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High speed digital photography

Discussion in 'Hobby Electronics' started by bruce varley, Jul 30, 2004.

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  1. bruce varley

    bruce varley Guest

    Is there anything around at reasonable cost these days to enable a home user
    to take those slow motion movies of rapid events? Things like balloons
    bursting and ball bearings dropping into jugs of milk?
  2. Is 25 fps fast enough, then use a digital video camera
  3. Bushy

    Bushy Guest

    Not movies, but still shots can be taken by timing the flash and holding the
    shutter open in a dark area. Dick Smith (maybe it was Jaycar?) sells a Light
    and Sound Trigger kit that will allow you to take (adjustable) slightly
    delayed shots after being triggered by either another flash, or a sound like
    a balloon bursting.

    I made one many years ago and also added a contact make and contact break
    trigger so I could do other scenes, Lets you use the speed of the flash to
    freeze motion to about 1/10000 second if the flash output is restricted and
    kept low. This trick can require a fast lens.

    I've made mine to play with my film camera, haven't tried it with my Nikon
    Coolpix 900S, 'cause it's flash has died and it won't even drive the
    external flash socket. Of couse, being that old, it's not worth repairing,
    but one of these days I'll get the fancy new model and still have the extra
    lenses to go with it.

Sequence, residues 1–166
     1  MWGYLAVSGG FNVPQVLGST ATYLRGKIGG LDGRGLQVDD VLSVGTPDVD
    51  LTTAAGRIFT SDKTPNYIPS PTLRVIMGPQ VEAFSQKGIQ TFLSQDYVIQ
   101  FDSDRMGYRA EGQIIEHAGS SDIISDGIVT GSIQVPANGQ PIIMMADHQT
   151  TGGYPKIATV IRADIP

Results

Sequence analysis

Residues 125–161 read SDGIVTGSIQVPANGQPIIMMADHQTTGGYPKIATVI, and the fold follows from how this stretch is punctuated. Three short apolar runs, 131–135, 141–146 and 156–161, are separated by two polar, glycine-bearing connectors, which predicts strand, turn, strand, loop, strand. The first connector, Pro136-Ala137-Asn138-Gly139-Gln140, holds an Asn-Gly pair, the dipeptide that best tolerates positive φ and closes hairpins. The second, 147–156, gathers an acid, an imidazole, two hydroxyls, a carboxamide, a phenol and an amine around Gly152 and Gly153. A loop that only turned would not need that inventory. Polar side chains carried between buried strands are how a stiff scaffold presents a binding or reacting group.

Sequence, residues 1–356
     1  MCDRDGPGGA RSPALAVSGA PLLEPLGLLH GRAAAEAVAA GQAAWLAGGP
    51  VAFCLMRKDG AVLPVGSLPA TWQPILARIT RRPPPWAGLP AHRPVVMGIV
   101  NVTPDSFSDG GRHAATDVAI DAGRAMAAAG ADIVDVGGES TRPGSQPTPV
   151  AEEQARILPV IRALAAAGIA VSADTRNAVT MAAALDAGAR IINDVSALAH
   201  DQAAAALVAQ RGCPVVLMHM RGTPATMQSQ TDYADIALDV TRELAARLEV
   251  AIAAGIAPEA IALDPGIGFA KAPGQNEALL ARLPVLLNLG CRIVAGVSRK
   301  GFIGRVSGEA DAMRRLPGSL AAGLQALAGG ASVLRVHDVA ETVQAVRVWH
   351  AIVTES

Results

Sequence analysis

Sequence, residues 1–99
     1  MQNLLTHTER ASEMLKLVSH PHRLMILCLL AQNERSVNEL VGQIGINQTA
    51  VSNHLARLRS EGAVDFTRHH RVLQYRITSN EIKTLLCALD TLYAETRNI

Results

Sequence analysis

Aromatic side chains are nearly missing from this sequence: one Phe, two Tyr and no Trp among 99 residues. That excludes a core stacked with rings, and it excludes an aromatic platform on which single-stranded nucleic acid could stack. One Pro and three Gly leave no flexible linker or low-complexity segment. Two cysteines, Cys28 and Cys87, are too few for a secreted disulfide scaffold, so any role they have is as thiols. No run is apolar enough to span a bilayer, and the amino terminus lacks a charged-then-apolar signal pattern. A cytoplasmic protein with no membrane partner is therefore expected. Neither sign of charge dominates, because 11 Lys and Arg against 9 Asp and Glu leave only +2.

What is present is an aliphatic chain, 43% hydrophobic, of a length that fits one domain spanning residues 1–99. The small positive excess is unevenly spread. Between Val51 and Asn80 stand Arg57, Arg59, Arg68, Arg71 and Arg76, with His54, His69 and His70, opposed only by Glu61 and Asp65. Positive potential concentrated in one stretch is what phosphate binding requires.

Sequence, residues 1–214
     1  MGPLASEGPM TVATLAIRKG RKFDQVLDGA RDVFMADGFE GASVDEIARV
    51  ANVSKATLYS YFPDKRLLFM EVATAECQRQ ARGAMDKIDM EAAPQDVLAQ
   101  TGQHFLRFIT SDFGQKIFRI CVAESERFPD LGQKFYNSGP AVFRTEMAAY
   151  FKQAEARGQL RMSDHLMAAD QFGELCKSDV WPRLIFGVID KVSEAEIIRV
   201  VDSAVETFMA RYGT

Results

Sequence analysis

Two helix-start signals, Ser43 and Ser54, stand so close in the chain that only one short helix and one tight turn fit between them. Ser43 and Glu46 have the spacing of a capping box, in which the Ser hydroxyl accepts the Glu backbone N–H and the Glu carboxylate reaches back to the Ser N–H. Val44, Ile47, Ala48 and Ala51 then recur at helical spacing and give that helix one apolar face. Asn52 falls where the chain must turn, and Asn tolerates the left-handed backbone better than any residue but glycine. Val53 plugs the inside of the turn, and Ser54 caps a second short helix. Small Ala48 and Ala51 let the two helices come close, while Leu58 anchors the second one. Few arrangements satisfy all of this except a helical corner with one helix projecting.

As you are posting to aus.electronics I assume you have some idea about
    electronics. You could use a slow speed camera that is cheaply available as
    long as you can hook it up to a triggered flash systen that can recycle at a
    suitable speed to match the frame rate. If you wanted to capture 1 second of
    film at 25 frames a second, then you might want to trigger 25 seperate flash
    units one after the other with a softbox to difuse the light.

    Or, if it's a bouncing ball from the side of the pub pool table that you
    want to capture, you might like to do it as several flashes in a row during
    one shutter opening. The Nikon SB24 and later version flash units all had a
    multiple flash setting for doing this.

    Hope this helps,
  4. agamlen

    agamlen Guest

    We got a philips toucam pro at work to attach to a microscope. I
    noticed it had a capture setting for 60fps which if played back at 15fps
    should give you a reasonable slow motion but nothing like some of the
    advanced cameras that can do thousands of frame per second.
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